New Direction for the City: An Interview With Mayor Fred Eisenberger (Part 1)

Mayor Fred shares his ideas and plans for improving Hamilton's transportation system.

By Ryan McGreal
Published January 10, 2007

Interview with Fred Eisenberger

(This article has been updated)

Since his election as Mayor, Fred Eisenberger has been a very busy man. However, he's been kind enough to agree to an interview about his ideas and plans for transit, smart growth, and development.

Raise the Hammer will publish the interview in three parts, starting with today's questions about Hamilton's transportation system.

The Interview

Ryan McGreal, Raise the Hammer: After seeing the remarkable success of the James and John two-way conversions next to the continued desolation on our one-way urban thoroughfares, this seems like a no-brainer. How much longer do we need to wait for the rest of the city?

Fred Eisenberger, Mayor of Hamilton: The conversion of John and James from one-way to two-way is working well and I look forward to staff input and direction on the city-wide transportation master plans.

RTH: What are your ideas on creating a full rapid transit (BRT and/or LRT) system in Hamilton? What, if anything, are you planning to do to encourage more cycling in Hamilton?

FE: Transportation affects all aspects of our daily lives. Whether you live and work in the Greater Hamilton Area or commute to work elsewhere, our system or roadways and public transit impacts each of us daily.

Public transit is an important municipal service to our community. The HSR provides much needed transit service to local commuters in Hamilton.

In recent years, the HSR has experienced an increase in ridership due to the introduction of several innovative passes, such as the undergraduate and Employer Commuter pass. However, many of the problems the HSR is experiencing are related to a lack of funding, which translates into reduced frequency and scheduling.

In the next couple of months the City will receive its share of the federal gas tax rebate. We will use some of this rebate to introduce and/or expand commuter transit services.

As mayor, I would like to work with the provincial government and the new Greater Toronto Transit Authority to extend GO Transit service to East Hamilton and beyond to Niagara.

I would also like to introduce dedicated bicycle lanes whenever road and sidewalk replacement is required as well as expand the community wide network of trials to promote walking and cycling.

We need to educate and introduce residents to these more environmentally conscious means of transportation.

Update: In Fred Eisenberger's reply to the first question, a typo had him citing the "conversion of John and James from two-way to one-way". It should have read, "conversion of John and James from one-way to two-way". RTH regrets the error, and thanks an alert reader for pointing it out. -Ed.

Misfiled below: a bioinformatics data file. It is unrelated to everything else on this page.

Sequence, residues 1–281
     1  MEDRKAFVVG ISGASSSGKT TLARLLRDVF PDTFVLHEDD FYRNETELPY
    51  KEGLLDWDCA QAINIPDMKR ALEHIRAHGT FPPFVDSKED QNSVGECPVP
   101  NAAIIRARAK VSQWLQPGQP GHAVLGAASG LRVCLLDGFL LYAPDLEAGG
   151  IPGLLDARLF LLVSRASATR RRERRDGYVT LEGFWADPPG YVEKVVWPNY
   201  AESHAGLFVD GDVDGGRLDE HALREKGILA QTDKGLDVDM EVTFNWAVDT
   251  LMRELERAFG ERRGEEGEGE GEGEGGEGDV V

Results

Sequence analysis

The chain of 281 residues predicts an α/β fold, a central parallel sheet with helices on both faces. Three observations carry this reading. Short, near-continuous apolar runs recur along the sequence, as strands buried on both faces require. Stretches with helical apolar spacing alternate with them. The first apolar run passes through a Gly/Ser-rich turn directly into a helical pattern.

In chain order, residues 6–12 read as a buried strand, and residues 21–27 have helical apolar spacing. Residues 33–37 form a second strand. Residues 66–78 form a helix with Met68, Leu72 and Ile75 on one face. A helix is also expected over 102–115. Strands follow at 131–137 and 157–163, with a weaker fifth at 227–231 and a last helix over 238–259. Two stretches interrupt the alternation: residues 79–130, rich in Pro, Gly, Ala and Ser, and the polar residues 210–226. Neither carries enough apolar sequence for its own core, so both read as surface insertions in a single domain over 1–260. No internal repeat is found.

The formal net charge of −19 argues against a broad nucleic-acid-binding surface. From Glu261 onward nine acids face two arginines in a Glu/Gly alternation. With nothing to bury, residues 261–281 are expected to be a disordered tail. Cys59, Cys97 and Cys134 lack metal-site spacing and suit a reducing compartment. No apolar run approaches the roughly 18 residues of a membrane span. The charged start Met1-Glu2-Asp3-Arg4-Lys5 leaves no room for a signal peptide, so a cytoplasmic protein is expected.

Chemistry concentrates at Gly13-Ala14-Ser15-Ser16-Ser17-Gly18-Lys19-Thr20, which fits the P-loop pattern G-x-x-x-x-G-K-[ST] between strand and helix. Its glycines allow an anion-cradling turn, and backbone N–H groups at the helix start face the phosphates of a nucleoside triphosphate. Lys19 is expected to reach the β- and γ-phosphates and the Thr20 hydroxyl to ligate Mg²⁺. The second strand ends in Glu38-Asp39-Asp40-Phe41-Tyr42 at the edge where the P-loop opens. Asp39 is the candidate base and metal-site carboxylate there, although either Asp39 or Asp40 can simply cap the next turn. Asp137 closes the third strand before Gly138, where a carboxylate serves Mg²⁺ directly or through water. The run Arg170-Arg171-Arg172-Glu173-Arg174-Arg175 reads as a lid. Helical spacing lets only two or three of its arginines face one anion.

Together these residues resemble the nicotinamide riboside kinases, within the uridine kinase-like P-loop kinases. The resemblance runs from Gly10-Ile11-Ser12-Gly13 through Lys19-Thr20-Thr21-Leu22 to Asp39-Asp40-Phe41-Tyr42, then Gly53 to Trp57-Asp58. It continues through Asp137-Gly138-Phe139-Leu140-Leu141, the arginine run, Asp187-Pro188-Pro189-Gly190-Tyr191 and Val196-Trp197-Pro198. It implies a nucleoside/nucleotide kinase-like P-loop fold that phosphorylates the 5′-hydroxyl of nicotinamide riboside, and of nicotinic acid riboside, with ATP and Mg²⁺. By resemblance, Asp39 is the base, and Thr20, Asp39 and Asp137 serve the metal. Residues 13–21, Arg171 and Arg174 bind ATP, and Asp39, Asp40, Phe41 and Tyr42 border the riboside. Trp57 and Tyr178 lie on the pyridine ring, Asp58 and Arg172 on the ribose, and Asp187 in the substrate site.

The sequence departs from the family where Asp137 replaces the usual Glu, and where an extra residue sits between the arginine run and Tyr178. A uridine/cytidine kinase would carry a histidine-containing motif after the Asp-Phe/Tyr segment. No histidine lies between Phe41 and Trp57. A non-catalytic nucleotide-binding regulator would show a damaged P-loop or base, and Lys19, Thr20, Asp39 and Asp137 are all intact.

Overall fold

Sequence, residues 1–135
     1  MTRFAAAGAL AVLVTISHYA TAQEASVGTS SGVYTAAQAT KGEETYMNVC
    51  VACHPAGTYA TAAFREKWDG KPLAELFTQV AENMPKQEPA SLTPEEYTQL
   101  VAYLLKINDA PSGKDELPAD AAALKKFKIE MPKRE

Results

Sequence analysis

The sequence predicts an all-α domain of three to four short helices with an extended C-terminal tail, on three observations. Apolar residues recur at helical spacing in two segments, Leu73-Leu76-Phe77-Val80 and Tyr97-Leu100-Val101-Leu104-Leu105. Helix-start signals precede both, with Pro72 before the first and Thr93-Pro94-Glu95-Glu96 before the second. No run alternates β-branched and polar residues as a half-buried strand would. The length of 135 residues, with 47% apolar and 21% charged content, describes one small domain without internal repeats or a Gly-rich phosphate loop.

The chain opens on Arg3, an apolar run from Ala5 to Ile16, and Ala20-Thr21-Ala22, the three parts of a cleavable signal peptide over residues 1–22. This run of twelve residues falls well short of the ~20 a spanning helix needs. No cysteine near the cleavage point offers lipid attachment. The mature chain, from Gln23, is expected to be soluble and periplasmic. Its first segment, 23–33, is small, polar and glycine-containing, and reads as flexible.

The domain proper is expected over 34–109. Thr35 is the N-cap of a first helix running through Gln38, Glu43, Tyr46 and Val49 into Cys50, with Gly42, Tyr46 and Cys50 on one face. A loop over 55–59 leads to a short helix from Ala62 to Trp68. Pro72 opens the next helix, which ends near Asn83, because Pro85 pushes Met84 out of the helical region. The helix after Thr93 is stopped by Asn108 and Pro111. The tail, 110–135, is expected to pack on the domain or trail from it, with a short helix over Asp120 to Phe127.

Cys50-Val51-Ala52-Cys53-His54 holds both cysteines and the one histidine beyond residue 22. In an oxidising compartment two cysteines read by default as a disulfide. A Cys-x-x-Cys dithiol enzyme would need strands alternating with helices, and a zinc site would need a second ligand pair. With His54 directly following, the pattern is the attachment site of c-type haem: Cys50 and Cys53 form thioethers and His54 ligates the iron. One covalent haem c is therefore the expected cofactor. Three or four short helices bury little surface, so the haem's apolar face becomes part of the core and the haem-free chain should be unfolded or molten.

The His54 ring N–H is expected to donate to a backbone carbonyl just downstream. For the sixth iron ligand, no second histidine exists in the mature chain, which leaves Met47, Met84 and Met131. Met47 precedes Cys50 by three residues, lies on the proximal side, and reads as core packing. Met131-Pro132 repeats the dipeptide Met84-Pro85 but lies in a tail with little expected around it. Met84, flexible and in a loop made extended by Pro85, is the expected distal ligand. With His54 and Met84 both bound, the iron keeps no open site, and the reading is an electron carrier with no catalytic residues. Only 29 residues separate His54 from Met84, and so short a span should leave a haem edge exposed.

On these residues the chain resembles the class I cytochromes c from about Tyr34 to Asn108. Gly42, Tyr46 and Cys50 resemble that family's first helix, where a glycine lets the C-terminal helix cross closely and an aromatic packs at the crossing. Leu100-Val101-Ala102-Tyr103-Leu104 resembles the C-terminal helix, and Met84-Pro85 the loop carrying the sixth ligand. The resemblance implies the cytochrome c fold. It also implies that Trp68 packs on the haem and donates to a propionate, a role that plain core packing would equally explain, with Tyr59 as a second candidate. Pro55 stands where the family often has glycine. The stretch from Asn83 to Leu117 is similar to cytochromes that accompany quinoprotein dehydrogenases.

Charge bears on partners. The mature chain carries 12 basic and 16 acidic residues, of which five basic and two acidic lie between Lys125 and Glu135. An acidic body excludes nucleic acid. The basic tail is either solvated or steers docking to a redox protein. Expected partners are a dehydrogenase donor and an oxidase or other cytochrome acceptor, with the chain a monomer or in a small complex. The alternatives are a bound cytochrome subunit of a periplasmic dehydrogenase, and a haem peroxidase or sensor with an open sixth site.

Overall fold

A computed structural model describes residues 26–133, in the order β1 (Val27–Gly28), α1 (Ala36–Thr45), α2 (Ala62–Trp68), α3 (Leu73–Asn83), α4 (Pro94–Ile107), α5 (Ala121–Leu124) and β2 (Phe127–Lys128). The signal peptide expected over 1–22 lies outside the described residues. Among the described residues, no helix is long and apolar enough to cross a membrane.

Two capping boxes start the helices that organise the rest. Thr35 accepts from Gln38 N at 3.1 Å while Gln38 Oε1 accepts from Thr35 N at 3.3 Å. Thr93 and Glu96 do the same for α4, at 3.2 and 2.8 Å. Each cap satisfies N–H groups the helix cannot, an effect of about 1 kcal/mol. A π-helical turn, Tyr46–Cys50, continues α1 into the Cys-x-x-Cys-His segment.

Ryan McGreal, the editor of Raise the Hammer, lives in Hamilton with his family and works as a programmer, writer and consultant. Ryan volunteers with Hamilton Light Rail, a citizen group dedicated to bringing light rail transit to Hamilton. Ryan wrote a city affairs column in Hamilton Magazine, and several of his articles have been published in the Hamilton Spectator. His articles have also been published in The Walrus, HuffPost and Behind the Numbers. He maintains a personal website, has been known to share passing thoughts on Twitter and Facebook, and posts the occasional cat photo on Instagram.


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By Nervous (anonymous) | Posted January 10, 2007 at 12:14:17

I'm nervous.. Maybe it's just because he's cautious, or new, or crazy busy right now, but this interview feels like mayor fred's just going through the motions with his answers. I dont know, maybe I just hoped more of his personality would come through. This sounds like a campaign brochure.

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By Michael (registered) | Posted January 10, 2007 at 15:02:24

I'm a little bit confused by the first question and answer.

Are one-way streets being converted to two-way streets in order to mitigate the "continued desolation on our one-way thoroughfares"?

The mayor's answer suggests that two-way streets are being converted to one-way streets.

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By jason (registered) | Posted January 10, 2007 at 15:33:54

aww, shucks! I want continued desolation. It sounds cool.

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